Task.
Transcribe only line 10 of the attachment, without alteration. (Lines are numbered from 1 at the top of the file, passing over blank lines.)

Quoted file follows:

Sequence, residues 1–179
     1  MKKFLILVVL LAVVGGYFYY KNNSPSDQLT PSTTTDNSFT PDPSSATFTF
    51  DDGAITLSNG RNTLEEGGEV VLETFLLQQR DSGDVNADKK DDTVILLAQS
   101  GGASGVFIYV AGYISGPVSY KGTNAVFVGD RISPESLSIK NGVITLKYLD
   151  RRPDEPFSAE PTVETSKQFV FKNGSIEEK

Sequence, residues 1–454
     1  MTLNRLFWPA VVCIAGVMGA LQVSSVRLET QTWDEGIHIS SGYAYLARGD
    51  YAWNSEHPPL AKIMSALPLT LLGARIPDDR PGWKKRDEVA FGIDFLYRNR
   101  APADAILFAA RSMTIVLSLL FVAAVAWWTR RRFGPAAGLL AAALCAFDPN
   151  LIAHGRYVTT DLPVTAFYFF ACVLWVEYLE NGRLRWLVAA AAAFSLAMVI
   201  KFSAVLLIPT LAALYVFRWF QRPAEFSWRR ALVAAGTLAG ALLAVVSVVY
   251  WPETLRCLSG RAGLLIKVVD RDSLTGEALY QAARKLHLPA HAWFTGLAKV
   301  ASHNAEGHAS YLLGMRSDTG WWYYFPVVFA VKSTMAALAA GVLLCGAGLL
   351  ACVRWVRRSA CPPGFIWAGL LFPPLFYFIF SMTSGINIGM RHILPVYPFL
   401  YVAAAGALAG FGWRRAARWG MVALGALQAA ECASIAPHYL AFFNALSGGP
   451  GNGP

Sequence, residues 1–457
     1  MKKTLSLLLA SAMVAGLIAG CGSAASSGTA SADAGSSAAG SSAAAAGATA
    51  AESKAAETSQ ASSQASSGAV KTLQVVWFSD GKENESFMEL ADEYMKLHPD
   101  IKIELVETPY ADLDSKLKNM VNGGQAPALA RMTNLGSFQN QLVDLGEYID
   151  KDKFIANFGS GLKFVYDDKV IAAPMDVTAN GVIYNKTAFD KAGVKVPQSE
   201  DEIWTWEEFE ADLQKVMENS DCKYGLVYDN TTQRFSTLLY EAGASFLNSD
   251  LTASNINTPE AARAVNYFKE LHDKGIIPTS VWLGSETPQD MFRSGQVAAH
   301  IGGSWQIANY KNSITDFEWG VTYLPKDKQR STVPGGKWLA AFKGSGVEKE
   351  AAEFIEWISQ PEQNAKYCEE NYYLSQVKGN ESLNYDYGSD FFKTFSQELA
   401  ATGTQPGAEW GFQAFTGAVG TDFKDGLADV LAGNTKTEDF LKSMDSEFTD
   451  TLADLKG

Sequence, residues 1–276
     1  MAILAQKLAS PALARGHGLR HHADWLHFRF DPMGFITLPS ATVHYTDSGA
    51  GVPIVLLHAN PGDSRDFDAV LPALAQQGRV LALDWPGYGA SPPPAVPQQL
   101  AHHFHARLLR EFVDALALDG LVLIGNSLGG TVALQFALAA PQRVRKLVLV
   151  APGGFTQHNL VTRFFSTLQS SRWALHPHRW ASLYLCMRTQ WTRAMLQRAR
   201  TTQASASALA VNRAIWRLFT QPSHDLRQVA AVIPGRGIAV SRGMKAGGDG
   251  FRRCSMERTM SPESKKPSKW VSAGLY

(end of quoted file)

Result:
   151  LIAHGRYVTT DLPVTAFYFF ACVLWVEYLE NGRLRWLVAA AAAFSLAMVI